April 25, 2018 

AmosWEB means Economics with a Touch of Whimsy!

AmosWEBWEB*pediaGLOSS*aramaECON*worldCLASS*portalQUIZ*tasticPED GuideXtra CrediteTutorA*PLS
CHANGE IN BUSINESS INVENTORIES: The increase or decrease in the stocks of final goods, intermediate goods, raw materials, and other inputs that businesses keep on hand to use in production. This is one of two main categories of gross private domestic investment included in the National Income and Product Accounts maintained by the Bureau of Economic Analysis. The other category is fixed investment. Change in business inventories is NOT what most people think of when the topic of business investment arises. Inventory changes are considered investment because firms need inventories to smooth the flow of production and sales just like they need factories and equipment to produce goods. In fact, inventories are frequently termed "working capital."

Visit the GLOSS*arama


The revenue received for selling a good per unit of output sold, found by dividing total revenue by the quantity of output. Average revenue often goes by a simpler and more widely used term... price. For a monopoly average revenue is greater than marginal revenue. Average revenue for a monopoly is often depicted by a negatively-sloped average revenue curve.
Average revenue is the revenue generated per unit of output sold. It plays a role in the determination of a monopoly's profit. Per unit profit is average revenue minus average (total) cost. A monopoly generally seeks to produce the quantity of output that maximizes profit.

The relation between average revenue and quantity of output produced depends on market structure. For a perfectly competitive firm, average revenue is not only equal to price, but more importantly, it is equal to marginal revenue, all of which are constant. For a monopoly, monopolistically competitive, or oligopoly firm, average revenue is greater than marginal revenue, both of which decrease with larger quantities of output. The constant or decreasing nature of average revenue is a prime indication of the market control of a firm.

Average revenue can be represented in a table or as a curve. For a monopoly, the average revenue curve is a negatively-sloped line. The average revenue curve is also the demand curve facing the firm.

The average revenue received by a firm is total revenue divided by quantity, often expressed as this simple equation:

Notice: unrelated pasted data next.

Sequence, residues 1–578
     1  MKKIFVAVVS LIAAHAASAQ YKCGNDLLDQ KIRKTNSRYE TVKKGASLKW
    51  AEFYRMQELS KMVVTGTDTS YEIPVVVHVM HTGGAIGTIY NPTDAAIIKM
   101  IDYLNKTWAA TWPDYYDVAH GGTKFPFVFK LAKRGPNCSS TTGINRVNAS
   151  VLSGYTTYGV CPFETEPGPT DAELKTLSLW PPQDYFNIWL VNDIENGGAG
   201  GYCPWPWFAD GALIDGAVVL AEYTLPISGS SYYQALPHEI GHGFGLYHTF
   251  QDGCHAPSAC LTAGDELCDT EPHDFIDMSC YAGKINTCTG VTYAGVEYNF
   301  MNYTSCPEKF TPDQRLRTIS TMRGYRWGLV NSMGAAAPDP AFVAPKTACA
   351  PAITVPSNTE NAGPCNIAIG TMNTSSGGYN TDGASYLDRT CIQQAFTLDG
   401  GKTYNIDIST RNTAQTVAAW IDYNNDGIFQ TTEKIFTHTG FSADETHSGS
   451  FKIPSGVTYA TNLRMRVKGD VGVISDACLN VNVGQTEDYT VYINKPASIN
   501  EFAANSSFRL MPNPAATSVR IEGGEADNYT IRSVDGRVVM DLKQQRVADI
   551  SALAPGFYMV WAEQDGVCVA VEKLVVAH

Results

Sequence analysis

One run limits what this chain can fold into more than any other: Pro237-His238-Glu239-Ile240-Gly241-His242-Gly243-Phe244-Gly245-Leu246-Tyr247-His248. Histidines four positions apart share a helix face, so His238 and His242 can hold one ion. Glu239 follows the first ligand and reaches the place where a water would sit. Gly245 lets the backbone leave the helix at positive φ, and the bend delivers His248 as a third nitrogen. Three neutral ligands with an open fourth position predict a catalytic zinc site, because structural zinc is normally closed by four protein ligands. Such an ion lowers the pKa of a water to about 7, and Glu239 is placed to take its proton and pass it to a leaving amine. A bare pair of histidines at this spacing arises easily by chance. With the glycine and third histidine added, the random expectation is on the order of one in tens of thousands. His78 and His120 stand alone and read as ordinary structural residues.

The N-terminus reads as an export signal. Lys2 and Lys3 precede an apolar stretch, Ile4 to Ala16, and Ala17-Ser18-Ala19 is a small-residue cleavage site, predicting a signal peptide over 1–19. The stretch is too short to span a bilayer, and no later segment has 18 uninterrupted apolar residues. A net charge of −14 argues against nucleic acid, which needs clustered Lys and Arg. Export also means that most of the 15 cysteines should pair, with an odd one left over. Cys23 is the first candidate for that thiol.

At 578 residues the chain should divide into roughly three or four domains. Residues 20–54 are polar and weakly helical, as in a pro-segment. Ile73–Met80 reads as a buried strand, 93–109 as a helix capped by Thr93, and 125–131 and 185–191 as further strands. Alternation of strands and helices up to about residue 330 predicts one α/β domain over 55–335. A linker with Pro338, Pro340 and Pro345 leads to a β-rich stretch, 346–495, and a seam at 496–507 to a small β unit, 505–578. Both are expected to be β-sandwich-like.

average revenue=total revenue

At times, it can be helpful to turn this equation around and calculate total revenue from average revenue:

total revenue=average revenuexquantity
Monopoly is a market structure with a single firm selling a unique good. As the only firm in the market it has extensive market control. This means that monopoly is a price maker and faces a negatively-sloped demand curve. As such, the price received is not fixed, but depends on the quantity of output sold, and so too does average revenue.

Average Revenue,
Medicine Style
Average Revenue, Monopoly
The table to the right summarizes the average revenue received by a hypothetical firm, Feet-First Pharmaceutical. This firm owns the patent to Amblathan-Plus, the only cure for the deadly foot ailment known as amblathanitis. As the only producer of Amblathan-Plus, Feet-First Pharmaceutical is a monopoly with extensive market control, facing a negatively-sloped demand curve. To sell a larger quantity of Amblathan-Plus, Feet-First Pharmaceutical must lower the price.

The first column is the quantity of Amblathan-Plus sold, ranging from 0 to 12 ounces. The second column is the price Feet-First Pharmaceutical receives for selling this medicine, which ranges from $4.50 to $10.50 per ounce. The third column is the total revenue Feet-First receives for producing and selling this medicine.

Average revenue in the forth column is found by dividing total revenue in the third column by quantity in the first column. For example, because the total revenue generated from the production of 5 ounces of Amblathan-Plus is $40, average revenue is $8 (= $40/5). Each value in the fourth column is calculated in the same way.